Next is the ground floor were the kitchens and baths can be found and it’s here we get to meet many of the various spirit types, while Miyazaki uses this location to include one of his trademark cleaning sequences with Sen being tasked to clean the largest and dirtiest tub. Miyazaki’s belief is that by showing a character completing tasks such as this, highlights them as being a “good citizen” and being of strong character. The ground floor is also where we get to see many of the colourful spirits that use the bathhouse, such as the komodo clad Ushinoni or the radish spirit, which could be best described as looking like an elephant in a thong.
Moving up to the second floor or second heaven, here guests can take in the traditional tatami-matted dining rooms, which is probably the area of the Bathhouse that we spend the least amount of time in with Sen only stopping off here briefly on the elevator ride she takes with the Radish Spirit, though we can see through the silhouettes seen through the rice paper walls that these dining rooms are just as popular as the baths themselves.
The top floor of the Bathhouse named Heaven is reserved solely for Yubaba’s office as well as for her giant baby child Boh, who has a room to the side of her office, and we can see how extravagant it is, especially compared to the living quarters of her workers, which are crammed and minimalistic in comparison. Such obvious opulence serves to highlight that despite being this domineering presence Yubaba still has a softer side, which she reserves solely for Boh, a sole weakness that will ultimately come to find played against her. For those who like taking in the smaller details Yubab’s office certainly is a treat, especially for her more witchy trinkets, such as the bookcase she resurrects or perhaps just her talking skull phone.
Miyazaki’s eye for character design really comes into play throughout the sections set at the bathhouse as he truly sells the idea of this fantastical bathhouse, constantly giving us something new to look at or experience. Even minor supporting characters such as the talking frog Aogaeru seem like major components of the bathhouse operation through Miyazaki direction and only further sell the structure as being as real as any live-action counterpart. It’s through this location that we also get the two main set pieces involving both the Stink Spirit and Sen’s mysterious friend No-Face, who soon shows a much darker side to his character. Stink Spirit is inspired by Miyazaki’s environmental work, in particular the cleaning of a river that he pulled bicycle from, it making an appearance here as it’s also pulled out of the Stink Spirit, along with a small mountain of garbage that follows it when Sen and the other workers pull it out of the living mud pile. It actually hides the spirit’s true form. Perhaps because of the scale and drama of these two sequences, it does however leave the scenes away from the bathhouse as lacking something, though thankfully never to a detrimental effect.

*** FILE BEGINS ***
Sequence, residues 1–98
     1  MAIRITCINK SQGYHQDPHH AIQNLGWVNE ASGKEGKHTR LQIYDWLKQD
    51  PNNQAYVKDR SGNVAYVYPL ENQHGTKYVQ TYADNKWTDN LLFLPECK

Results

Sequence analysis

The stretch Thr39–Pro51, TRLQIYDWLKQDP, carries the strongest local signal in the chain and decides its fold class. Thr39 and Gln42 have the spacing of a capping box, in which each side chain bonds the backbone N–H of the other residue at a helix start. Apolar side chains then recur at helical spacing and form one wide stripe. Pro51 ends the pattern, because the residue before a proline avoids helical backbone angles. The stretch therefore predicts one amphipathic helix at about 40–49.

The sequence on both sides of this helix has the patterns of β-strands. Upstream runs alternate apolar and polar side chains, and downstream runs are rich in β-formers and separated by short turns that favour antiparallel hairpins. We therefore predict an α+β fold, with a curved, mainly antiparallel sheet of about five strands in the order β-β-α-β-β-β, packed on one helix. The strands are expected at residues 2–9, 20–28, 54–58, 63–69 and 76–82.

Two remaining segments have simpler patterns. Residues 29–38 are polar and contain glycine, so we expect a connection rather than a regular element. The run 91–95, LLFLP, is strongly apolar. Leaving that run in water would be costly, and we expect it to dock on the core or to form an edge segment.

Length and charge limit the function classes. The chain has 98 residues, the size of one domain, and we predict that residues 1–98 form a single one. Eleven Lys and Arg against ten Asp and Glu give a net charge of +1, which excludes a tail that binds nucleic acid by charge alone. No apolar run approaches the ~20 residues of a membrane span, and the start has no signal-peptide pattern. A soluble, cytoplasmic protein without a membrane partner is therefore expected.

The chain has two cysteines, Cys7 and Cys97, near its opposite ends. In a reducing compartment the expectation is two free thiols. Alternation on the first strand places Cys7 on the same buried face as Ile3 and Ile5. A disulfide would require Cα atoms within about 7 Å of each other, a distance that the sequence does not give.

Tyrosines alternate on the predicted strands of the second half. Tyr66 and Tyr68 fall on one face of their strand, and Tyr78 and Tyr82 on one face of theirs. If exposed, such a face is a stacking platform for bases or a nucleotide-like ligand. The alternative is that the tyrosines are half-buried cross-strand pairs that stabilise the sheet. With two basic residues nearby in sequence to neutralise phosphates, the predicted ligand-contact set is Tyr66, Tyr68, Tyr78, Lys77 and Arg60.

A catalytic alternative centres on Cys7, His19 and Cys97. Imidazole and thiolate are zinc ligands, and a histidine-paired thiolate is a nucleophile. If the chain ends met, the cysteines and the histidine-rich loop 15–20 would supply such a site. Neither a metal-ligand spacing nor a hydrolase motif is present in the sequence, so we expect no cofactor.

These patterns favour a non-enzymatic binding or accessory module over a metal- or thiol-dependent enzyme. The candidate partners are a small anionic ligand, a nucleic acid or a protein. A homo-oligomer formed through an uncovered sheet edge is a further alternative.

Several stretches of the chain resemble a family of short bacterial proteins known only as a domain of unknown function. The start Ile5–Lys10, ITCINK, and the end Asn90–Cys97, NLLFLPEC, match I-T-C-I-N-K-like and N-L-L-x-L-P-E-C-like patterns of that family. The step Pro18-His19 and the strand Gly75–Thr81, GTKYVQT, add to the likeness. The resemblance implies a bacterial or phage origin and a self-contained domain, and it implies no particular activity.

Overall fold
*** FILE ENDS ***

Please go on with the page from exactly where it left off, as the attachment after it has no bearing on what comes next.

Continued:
For those not enchanted by the whimsy and wonder of Miyazaki’s vision, one can view the bathhouse through the angle of a recent fan theory stemming from the writing above the entrance to the bathhouse, which translates to Yu meaning hot water, something for a bathhouse you’d expect to see. Yet considering the style of the building is from the Edo period, where bathhouses were essentially brothels, the women who worked there were known as Yuna or hot water women. The theory further seems confirmed when you consider that ‘Yubaba‘ is also what the madam would have been called at these establishments. Even Chihiro having her name changed to Sen plays into theory as it was the custom that prostitutes changed their name, as their real identities were signed over to their madam. I will of course allow you to play around with this theory for the rest of the film yourself, but needless to say, when viewed through this lens, things do certainly take on a darker edge.
Fan theories aside Yubaba’s Bathhouse remains one of Miyazaki’s most memorable creations and much like the film itself it makes for the perfect entry point into the Studio Ghibli films, let alone the work of the animation master Hayao Miyazaki.